New research report published on Stay Up Late’s groundbreaking conference
An exploration of audience responses to Stay Up Late’s (un)Ordinary Conference – Guest blog by Amanda Fleg
Amanda carried out feedback research exploring audience responses to Stay Up Late’s (un)Ordinary conference held in March this year
My name is Amanda Fleg, and I am a graduate student studying at the University of Brighton. I was fortunate enough to work with Stay Up Late on a social research project as part of my postgraduate degree in Community Psychology. Stay Up Late organized the (un) Ordinary conference in March of 2019, which was an event where all the speakers had learning disabilities and shared stories about how they are leading ‘ordinary’ lives. Audience members included a variety of social care professionals, policy coordinators and other support staff and members of related fields. The purpose of the study was to explore the responses of social care professionals to the March conference, with a particular focus on the potential impact of this conference on their work.
Following the conference, in March and April of 2019, phone interviews and online questionnaires were completed by social care professionals as well as other support staff and delegates who had attended the Stay Up Late (un) Ordinary conference. There were a total of 24 responses confidentially completed, nearly half of which provided contact details for follow-up phone interviews. In total, 8 phone interviews were conducted and focused on topics surrounding the conference that related to the research aims. The qualitative information obtained from the open ended questionnaire questions as well as phone interviews, was supplemented by the other quantitative data gathered via the questionnaire.
Thematic analysis was used to analyse the open ended responses and phone interviews. Thematic analysis is a method for identifying and reporting patterns within data as well as interpreting various aspects of the research topic (Braun & Clarke, 2006). The audience responses outlined a number of different ideas, from which three key areas of exploration were identified to help answer the research questions. The three key areas of exploration and corresponding research questions focused on- Attitudes: How the conference has shaped the thinking of the social care professionals, Strengths and Challenges: How this conference will make social care professionals listen more to people with learning disabilities, and The Future: How social care professionals will respond and make practical changes.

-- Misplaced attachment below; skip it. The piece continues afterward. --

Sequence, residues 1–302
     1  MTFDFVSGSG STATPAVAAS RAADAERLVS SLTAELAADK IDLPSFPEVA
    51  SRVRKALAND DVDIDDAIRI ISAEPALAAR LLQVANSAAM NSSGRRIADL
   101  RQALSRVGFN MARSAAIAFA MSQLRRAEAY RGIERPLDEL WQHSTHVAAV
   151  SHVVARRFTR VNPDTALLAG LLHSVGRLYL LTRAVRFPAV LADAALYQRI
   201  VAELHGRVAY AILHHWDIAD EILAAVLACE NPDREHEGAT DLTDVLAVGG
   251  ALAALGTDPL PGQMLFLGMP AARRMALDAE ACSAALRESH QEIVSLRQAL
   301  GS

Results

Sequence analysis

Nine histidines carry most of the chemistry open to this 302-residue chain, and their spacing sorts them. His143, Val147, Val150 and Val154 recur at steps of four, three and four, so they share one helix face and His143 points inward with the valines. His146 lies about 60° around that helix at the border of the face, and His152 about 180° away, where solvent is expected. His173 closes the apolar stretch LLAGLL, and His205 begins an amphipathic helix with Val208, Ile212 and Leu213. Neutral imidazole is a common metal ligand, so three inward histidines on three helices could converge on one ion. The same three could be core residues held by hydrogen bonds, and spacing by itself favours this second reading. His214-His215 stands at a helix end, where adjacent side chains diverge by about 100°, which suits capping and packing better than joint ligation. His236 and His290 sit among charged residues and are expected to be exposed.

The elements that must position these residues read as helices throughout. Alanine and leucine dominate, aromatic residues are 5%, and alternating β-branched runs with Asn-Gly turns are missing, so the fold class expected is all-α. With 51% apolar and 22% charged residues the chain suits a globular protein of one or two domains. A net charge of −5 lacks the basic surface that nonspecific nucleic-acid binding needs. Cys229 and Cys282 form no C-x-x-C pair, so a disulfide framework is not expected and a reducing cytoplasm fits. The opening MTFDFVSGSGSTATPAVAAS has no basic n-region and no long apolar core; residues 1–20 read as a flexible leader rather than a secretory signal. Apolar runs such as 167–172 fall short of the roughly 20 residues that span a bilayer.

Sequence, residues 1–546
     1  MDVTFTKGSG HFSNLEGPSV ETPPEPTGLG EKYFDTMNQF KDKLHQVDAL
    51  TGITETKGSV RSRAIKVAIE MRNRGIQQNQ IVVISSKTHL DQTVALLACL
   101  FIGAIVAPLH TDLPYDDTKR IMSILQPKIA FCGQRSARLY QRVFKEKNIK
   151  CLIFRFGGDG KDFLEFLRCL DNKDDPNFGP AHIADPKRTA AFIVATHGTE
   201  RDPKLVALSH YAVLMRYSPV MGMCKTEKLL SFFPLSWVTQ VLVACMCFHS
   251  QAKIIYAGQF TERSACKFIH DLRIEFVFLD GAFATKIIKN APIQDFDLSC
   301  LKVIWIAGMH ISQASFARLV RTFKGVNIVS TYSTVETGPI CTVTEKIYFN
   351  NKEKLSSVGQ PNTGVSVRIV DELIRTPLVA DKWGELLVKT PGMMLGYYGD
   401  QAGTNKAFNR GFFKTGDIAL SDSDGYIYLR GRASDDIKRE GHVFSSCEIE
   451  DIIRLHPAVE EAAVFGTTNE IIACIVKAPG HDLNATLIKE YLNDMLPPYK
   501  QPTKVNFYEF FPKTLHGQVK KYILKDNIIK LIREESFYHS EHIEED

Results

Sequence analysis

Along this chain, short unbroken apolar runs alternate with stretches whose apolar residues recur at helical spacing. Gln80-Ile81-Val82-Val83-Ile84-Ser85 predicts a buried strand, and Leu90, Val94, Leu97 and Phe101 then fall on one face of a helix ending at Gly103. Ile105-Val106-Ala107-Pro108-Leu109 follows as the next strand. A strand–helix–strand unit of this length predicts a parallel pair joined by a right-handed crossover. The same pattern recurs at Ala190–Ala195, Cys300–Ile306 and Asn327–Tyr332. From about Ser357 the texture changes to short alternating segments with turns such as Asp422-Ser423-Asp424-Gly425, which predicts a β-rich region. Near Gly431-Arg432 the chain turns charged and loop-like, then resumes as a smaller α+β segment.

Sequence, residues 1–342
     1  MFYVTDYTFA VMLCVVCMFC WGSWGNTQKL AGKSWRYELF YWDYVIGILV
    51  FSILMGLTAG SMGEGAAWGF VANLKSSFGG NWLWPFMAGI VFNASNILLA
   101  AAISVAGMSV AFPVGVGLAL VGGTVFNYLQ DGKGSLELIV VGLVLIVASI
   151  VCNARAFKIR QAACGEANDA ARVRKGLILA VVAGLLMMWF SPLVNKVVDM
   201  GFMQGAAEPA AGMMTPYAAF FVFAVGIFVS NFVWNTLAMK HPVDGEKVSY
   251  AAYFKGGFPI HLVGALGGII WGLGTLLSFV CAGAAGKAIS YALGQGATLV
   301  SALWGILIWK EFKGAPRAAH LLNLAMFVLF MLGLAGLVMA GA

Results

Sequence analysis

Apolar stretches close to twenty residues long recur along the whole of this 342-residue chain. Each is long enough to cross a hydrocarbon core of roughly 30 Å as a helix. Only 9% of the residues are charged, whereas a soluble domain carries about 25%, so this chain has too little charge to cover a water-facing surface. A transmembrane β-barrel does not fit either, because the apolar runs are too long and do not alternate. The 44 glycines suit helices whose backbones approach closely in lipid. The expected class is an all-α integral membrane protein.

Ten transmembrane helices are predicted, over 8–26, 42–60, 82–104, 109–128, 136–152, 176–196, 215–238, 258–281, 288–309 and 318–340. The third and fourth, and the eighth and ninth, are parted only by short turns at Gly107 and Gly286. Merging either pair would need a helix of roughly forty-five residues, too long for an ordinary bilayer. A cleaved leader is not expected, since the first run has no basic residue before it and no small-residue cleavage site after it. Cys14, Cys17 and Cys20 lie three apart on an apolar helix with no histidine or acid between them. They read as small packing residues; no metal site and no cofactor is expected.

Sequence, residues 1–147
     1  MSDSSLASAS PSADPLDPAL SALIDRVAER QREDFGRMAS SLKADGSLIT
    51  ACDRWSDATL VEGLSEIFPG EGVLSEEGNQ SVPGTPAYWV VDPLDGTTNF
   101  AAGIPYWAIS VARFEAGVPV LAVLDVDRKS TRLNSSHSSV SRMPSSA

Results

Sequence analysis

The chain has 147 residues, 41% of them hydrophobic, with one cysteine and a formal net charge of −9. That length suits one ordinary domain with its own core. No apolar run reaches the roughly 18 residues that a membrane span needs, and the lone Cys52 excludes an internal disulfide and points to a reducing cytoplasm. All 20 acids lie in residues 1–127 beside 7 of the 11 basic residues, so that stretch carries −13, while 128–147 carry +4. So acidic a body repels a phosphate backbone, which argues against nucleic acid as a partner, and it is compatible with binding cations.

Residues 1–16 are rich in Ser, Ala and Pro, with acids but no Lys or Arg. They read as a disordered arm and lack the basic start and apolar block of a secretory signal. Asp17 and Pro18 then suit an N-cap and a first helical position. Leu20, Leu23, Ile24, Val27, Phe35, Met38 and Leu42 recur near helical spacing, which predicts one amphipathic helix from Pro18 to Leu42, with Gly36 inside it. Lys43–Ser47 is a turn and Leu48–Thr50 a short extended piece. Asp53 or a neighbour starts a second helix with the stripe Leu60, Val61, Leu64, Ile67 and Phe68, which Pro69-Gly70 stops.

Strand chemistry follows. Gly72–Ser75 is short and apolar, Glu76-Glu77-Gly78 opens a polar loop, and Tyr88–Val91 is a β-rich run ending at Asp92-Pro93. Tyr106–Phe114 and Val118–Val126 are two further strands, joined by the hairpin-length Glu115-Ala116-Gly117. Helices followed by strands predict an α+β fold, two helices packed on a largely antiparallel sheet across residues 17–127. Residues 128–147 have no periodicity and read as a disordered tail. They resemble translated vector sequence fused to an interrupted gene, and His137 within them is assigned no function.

Responses revealed several interesting findings. For example, all respondents (100%) indicated that overall they found attending the conference to be worthwhile. The overwhelming positive response to the conference is an indicator that more events of this kind are highly desired. In addition, the majority of respondents (83.3%) expressed that the conference was very valuable in advancing one’s understanding of the needs of those with learning disabilities. Community‐based approaches to mental health, center on principles relating to social justice and are focused on supporting communities to respond to their own needs (Prilleltensky, 2001). Listening to and valuing the needs of those with learning disabilities is crucial, and from the data above it is clear better understanding is achieved when those with learning disabilities are directly involved, encouraged to participate, share, and contribute their voice.
A number of audience recommendations were suggested about the future of individuals who have learning disabilities. In addition to new project ideas, new ways of working and personal resolutions toward change, participants emphasized four crucial areas that should be focused on within our communities, that will ensure that people with learning disabilities lead healthier and more full lives: Support, inclusivity & accessibility, greater opportunity to share their voices, and public advocacy. Community psychologists seek to enhance quality of life for communities, individuals, and society through collaborative research and action (Dalton et al., 2007). There needs to be continued advocacy for and promotion of these types of events that focus on the wants and needs of individuals with learning disabilities as articulated by them.
A full copy of the report is available to download here
Braun, V. & Clarke, V. 2006. Using thematic analysis in psychology. Qualitative Research in Psychology, vol. 3, no. 2, pp. 77-101.
Dalton, J.H., Elias, M.J. & Wandersman, A. 2007. Community psychology: linking Individuals and communities, 2nd, international student edn, Thomson Higher Education, Belmont, Calif.
Prilleltensky, I. 2001. Value-Based Praxis in Community Psychology: Moving Toward Social Justice and Social Action. American Journal of Community Psychology. [online] vol. 29, no. 5, pp. 747-778. [Accessed 9 May 2019] Available from: https://search-proquest-com.ezproxy.brighton.ac.uk/docview/205346731?pq-origsite=summon&https://ezproxy.brighton.ac.uk/login?url=accountid=9727